Damilola Oyedele in Abuja
The hearing by the House of Representatives Committee on Police Affairs into the incessant clashes between herdsmen and farmers in Benue State was wednesday stalled due to the absence of the Minister of Interior, Lt-Gen. Abdulrahman Dambazzau (rtd), Inspector General of Police (IG), Mr. Solomon Arase, and representatives of other security agencies.
Dambazzau, Arase, officials of the Department of State Services (DSS) and the Nigerian Army were absent despite invitations to the hearing on the clashes, which have assumed a frightening dimension since the beginning of 2016.
Representatives of herdsmen association were also absent.
The committee, headed by Hon. Jika Dauda (Bauchi APC) was forced to adjourn as it only had in attendance officials of the civil defence corps and Tiv socio-cultural association, Mdzough U Tiv (MUT).
Although Jika seemed willing to continue the hearing after MUT made its presentation, several members of the committee however insisted that it would be futile to go ahead without Arase as the chief security officer of the nation.
Hon. Nkeiruka Onyejeocha (Abia PDP) noted that the discourse was too critical with its attendant consequence of threat to peace, security and properties in the state.
A visibly upset Onyejeocha interrupted the presentation of the President General of MUT, Chief Edward Ujege.
“The IG and Minister of Interior have to be here so, together, we can discuss how to proceed as a country. Fundamental issues are being raised. We have pictures of people who were not just gruesomely murdered, but butchered and we are perplexed that these actually happened,” she said.
Other lawmakers also insisted Dambazzau and Arase must personally attend the hearings and not send representatives who might not be able to adequately respond to the issues.
Jika announced the postponement of the hearing to Thursday after consultation with members of the committee.
He directed Dambazzau, Arase, and representatives of the herdsmen to attend the hearing.
Earlier, before the adjournment, the Tiv group disclosed its suspicion that some sort of chemical weapons might have been deployed by the herdsmen in some of its attacks on villages in Benue.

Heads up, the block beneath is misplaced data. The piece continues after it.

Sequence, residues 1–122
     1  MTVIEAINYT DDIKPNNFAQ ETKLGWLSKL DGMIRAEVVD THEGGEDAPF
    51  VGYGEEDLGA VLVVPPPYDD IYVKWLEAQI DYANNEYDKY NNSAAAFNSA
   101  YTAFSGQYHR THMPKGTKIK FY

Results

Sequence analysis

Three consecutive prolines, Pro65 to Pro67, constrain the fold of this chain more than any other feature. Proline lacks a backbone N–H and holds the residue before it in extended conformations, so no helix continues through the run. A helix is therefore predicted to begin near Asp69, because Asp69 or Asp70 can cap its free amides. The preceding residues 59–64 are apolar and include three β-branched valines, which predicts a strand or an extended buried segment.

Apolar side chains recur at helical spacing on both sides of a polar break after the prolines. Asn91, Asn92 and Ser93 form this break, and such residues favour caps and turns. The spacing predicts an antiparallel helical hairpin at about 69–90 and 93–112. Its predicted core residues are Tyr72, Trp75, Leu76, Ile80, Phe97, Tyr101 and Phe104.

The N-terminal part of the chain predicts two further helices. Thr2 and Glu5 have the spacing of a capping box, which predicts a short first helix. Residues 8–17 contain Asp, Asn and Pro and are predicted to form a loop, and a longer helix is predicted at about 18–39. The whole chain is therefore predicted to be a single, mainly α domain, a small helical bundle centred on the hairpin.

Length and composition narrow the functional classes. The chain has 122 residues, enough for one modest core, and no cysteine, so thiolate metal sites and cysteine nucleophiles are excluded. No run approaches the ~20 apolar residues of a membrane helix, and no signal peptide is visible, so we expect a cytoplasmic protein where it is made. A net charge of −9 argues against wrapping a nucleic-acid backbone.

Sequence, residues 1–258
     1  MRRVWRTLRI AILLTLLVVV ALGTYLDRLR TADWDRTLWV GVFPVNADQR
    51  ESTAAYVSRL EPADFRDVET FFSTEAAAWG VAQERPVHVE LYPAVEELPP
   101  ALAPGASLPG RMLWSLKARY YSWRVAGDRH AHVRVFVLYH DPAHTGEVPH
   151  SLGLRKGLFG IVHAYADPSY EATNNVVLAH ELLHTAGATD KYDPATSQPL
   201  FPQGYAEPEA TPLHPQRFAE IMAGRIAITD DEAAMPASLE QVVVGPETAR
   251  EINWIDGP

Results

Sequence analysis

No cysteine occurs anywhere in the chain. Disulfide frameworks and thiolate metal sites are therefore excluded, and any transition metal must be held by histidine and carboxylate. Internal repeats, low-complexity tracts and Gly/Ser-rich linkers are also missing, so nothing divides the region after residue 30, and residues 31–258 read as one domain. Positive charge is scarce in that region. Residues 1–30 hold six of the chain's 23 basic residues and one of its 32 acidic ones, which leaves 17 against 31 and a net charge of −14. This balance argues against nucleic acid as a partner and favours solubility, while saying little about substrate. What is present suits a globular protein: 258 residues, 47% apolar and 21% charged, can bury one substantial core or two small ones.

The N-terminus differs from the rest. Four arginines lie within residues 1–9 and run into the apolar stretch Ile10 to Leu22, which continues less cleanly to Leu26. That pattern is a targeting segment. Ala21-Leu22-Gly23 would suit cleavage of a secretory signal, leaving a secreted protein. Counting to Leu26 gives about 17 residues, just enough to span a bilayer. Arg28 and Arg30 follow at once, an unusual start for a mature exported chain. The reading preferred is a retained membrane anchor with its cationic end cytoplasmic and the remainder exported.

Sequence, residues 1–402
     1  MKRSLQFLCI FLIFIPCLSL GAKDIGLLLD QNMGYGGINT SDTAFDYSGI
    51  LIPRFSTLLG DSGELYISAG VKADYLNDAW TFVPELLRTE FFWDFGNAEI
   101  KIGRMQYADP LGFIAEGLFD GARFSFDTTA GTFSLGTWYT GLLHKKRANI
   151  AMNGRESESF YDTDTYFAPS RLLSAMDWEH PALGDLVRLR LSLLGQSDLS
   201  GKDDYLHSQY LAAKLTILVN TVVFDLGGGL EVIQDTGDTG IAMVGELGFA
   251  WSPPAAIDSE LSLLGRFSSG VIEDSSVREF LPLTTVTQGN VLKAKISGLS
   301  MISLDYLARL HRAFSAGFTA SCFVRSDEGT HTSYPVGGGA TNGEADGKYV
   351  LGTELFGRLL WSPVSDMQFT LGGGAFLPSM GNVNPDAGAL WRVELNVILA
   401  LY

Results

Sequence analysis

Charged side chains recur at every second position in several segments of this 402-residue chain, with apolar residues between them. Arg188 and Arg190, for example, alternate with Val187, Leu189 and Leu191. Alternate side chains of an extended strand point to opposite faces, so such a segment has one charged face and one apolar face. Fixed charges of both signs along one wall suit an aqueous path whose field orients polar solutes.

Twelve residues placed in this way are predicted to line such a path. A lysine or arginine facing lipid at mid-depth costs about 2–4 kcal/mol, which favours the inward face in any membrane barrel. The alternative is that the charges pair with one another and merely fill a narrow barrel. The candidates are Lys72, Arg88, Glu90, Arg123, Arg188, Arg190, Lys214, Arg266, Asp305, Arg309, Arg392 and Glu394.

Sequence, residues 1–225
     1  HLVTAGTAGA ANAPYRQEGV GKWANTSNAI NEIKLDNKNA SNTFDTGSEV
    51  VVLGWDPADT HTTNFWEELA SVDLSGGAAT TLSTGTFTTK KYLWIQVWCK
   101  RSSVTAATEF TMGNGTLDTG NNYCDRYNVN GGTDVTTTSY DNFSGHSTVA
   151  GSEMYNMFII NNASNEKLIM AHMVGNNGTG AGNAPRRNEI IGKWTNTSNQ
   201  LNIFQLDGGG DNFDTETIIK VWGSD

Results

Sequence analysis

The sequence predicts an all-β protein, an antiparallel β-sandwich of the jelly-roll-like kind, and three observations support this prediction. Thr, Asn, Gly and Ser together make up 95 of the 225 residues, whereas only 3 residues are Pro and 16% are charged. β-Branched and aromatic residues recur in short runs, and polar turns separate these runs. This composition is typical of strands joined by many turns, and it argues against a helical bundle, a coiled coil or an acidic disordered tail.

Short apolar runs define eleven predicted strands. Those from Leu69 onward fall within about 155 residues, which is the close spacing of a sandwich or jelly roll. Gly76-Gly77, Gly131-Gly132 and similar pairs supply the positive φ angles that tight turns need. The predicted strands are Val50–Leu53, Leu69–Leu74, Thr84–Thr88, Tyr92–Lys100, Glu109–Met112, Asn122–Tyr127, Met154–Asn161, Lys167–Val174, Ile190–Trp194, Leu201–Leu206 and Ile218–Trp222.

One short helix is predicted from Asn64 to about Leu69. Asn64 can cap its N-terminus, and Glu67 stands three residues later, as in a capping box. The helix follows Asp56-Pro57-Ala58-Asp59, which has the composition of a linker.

“Chemical weapons were suspected to have been used by Fulani herdsmen that killed several indigenes of Guma, Gwer West and Logo local government areas. The affected persons died without any bullet or machete wounds and were found to be foaming in the mouth. The unused canisters of the suspected chemical weapons were also found ,” Ujege said adding that while the conflict has been on for a long time, it became worse in 2011.
“Before 2014, there used to be less than 50,000 herds, (in the 11 affected LGAs) but from 2014, there has been about one million, and the number continues to increase,” he said
Citing figures from the Benue state, Ujege said 883 persons were killed in 2014 with 23324 displaced and properties worth N31.4 billion destroyed.
101 persons were murdered in Buruku, Logo and Tarka LGA in 2015 with 6650 displaced and properties worth N8.3 billion displaced.
Ujege appealed to the committee to investigate allegations of complicity by the military in the rampage by the herdsmen.
He also rejected any plan to create grazing routes for the herdsmen calling on government of tackle desertification in the North.
“The cattle herdsmen go about with are not government cattle, so tax payers money should not be used to establish ranches for the Fulani. Those who have cattle/livestock must find the funds to buy land where they can afford and establish ranches for heir livestock,” he said.
The group presented gory pictures of murdered citizens to the committee.